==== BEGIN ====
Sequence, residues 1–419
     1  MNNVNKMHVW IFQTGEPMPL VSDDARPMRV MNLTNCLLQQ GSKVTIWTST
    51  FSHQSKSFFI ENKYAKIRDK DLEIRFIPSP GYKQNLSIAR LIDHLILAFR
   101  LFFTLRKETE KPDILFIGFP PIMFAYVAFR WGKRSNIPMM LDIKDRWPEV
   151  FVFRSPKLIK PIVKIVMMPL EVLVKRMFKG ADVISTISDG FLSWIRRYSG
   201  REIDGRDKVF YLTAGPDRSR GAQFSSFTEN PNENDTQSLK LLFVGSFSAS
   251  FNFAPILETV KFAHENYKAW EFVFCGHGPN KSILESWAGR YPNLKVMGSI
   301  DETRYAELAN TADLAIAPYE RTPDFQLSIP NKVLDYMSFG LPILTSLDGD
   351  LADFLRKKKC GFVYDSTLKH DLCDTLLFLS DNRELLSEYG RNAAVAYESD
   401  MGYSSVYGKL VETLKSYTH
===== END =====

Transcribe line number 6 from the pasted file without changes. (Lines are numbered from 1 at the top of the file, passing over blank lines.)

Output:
   201  REIDGRDKVF YLTAGPDRSR GAQFSSFTEN PNENDTQSLK LLFVGSFSAS